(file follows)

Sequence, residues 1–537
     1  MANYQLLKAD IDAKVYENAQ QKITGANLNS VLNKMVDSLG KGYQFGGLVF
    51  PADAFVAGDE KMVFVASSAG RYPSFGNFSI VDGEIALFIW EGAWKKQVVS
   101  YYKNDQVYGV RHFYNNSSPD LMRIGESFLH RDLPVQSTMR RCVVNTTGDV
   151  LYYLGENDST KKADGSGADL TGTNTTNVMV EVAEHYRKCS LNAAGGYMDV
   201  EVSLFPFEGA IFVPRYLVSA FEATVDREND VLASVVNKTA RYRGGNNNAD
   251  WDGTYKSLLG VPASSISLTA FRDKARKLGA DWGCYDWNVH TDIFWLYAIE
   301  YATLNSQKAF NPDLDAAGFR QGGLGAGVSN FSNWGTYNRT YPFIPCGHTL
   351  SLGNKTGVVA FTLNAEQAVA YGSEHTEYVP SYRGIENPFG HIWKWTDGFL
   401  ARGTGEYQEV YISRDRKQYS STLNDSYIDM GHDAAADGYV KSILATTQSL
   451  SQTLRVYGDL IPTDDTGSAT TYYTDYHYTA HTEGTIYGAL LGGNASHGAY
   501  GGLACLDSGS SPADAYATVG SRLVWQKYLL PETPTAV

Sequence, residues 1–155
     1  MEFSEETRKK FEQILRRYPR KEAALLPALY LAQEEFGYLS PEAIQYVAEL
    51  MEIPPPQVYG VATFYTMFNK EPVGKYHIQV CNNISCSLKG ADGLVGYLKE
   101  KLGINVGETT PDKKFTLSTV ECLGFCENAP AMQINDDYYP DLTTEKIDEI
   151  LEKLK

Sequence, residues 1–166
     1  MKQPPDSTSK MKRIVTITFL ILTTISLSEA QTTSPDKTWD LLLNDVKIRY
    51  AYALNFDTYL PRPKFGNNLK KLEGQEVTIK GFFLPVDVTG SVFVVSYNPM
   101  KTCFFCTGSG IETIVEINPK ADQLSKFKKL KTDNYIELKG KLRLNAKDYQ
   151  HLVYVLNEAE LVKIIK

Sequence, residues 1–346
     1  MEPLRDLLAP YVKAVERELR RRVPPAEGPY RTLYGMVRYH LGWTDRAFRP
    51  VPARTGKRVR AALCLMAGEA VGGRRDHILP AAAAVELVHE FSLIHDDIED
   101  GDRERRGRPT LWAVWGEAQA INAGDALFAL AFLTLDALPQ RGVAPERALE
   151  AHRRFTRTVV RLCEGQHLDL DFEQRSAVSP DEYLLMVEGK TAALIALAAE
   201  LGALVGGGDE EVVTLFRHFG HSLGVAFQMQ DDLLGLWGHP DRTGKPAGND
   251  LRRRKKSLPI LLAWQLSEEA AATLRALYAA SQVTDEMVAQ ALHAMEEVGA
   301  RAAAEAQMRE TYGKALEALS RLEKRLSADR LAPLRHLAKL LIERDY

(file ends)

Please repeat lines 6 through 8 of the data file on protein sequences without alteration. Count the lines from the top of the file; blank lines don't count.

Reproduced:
   201  EVSLFPFEGA IFVPRYLVSA FEATVDREND VLASVVNKTA RYRGGNNNAD
   251  WDGTYKSLLG VPASSISLTA FRDKARKLGA DWGCYDWNVH TDIFWLYAIE
   301  YATLNSQKAF NPDLDAAGFR QGGLGAGVSN FSNWGTYNRT YPFIPCGHTL